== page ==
When it comes to the environment, China is a paradox. On the one hand, it is a “wind, solar, and battery superpower,” as Cameron Hepburn of the University of Oxford put it, “with hydrogen now in its sights.” Yet at the same time, the country mines and burns half of the world’s coal.
These two titanic forces—one clean, one dirty—are at constant war in China’s fractious domestic economy, pitting entire provinces and whole industrial sectors against each other.
Right now, as China jumpstarts its economy after the Covid-19 lockdowns, the coal lobby has the upper hand. That’s what made the timing of President Xi Jinping’s United Nations pledge this week—to make China carbon neutral by 2060—so incongruous. One may recall the speech at Davos in 2017 when he presented China as the savior of globalization just as Beijing was doubling down on mercantilist policies with its “Made in China 2025” industrial plan.
Apart from the fact that China’s coal consumption is rising again after dipping for several years, and that its carbon emissions are commensurately higher than they were a year ago, Xi, 67, gave no details during his UN speech about how China will achieve its net zero ambitions four decades from now.
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Geopolitics surely played into the dramatic UN announcement. Alarmed by Europe’s growing pushback on trade, technology and human rights, China may be anxious to make common cause with Europeans on climate. A united front with Germany, France, the U.K. and other European powers would have the added benefit of further isolating President Donald Trump, who is determined to pull the U.S. out of the Paris accords by November.
But energy analysts and quite a few climate activists are ready to see Xi’s speech as a real shift. At the very least, it signals a profound rethinking of how China sees its global responsibilities on carbon emissions. The days when it tried to catch a break on climate change by asserting its status as a developing country are over. (China may be the world’s biggest carbon emitter, but as Beijing used to remind the industrialized world, the U.S. has put far more carbon into the atmosphere since the Industrial Revolution.)
China now joins more than 60 countries pledging carbon neutrality. It also matters that Xi got on this train as his government puts the final touches on the next five-year industrial plan, covering 2021-2025. Whether China’s new climate policies are to be implemented should thus become clearer in the near term.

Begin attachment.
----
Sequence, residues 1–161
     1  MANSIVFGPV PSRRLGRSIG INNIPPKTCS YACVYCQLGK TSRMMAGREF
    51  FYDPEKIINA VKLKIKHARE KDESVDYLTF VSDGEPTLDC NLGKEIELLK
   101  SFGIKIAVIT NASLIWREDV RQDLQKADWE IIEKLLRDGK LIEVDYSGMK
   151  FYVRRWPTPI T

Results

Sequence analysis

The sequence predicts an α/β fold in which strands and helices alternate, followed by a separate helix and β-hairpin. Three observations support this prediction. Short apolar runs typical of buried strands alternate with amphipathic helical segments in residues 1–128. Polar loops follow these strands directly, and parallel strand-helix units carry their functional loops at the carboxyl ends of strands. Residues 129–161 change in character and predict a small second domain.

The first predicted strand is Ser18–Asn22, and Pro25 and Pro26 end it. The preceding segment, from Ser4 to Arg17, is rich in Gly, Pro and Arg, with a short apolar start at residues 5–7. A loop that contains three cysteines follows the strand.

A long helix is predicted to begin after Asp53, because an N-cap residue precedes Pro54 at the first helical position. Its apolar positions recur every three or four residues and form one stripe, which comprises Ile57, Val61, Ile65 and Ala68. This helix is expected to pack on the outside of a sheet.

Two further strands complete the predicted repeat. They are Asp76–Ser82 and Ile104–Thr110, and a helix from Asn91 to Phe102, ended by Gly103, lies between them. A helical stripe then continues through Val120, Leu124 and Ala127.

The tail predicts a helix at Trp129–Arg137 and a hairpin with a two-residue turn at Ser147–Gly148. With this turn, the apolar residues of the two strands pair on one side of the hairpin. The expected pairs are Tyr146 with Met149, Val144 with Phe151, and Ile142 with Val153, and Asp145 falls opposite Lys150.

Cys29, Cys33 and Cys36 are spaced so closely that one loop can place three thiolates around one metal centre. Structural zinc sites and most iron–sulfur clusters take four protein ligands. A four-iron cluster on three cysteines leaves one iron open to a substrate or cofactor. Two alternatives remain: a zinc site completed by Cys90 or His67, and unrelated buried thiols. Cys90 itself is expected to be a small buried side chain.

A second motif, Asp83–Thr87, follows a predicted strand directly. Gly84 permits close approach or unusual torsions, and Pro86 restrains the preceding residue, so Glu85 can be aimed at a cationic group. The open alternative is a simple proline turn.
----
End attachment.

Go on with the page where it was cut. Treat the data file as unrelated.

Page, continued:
One reason to think this is serious stems from internal pressure to decarbonize the world’s second largest economy. The Chinese party-state derives its legitimacy from delivering rapid growth, but increasingly the public is saying the priority should be clean air and water. For the Chinese Communist Party, green may be the new red.
Moreover, it should be clear to Beijing technocrats that there’s only so much steel floodgates and concrete seawalls can do to protect coastal manufacturing centers. Shanghai was built on swampland: absent decisive action on climate, large parts of it will go under.
As for geopolitics, this moment goes far beyond balance-of-power considerations involving the U.S. and Europe. China’s national security demands that it reduce dependence on imported oil by installing more green power. And Beijing has a good shot at turning its current vulnerability on energy into a towering strength, by leading the world on production of electric vehicles and other green technologies.
But the challenges involved in a Chinese green transition are monumental.
“Think about it: The way we eat, the way we consume energy, the way we produce our food, the way we commute to work will need to be completely rearranged,” said Li Shuo, a policy adviser for Greenpeace China. Sanford C. Bernstein & Co. puts the price tag for this makeover at $5.5 trillion over the next few decades.
In the end, success or failure will come down largely to domestic political factors. Coal and renewables—and the bureaucratic power blocs that support them—are currently locked in a “battle royale,” said Jeffrey Ball, a scholar-in-residence at Stanford University. He adds: “It’s far from clear who wins that fight.”
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